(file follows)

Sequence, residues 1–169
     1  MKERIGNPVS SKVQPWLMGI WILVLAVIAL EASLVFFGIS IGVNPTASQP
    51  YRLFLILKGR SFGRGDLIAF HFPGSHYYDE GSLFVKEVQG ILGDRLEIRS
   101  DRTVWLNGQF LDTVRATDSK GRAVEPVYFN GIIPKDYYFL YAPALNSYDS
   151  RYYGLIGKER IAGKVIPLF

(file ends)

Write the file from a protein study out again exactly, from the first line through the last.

Sequence, residues 1–169
     1  MKERIGNPVS SKVQPWLMGI WILVLAVIAL EASLVFFGIS IGVNPTASQP
    51  YRLFLILKGR SFGRGDLIAF HFPGSHYYDE GSLFVKEVQG ILGDRLEIRS
   101  DRTVWLNGQF LDTVRATDSK GRAVEPVYFN GIIPKDYYFL YAPALNSYDS
   151  RYYGLIGKER IAGKVIPLF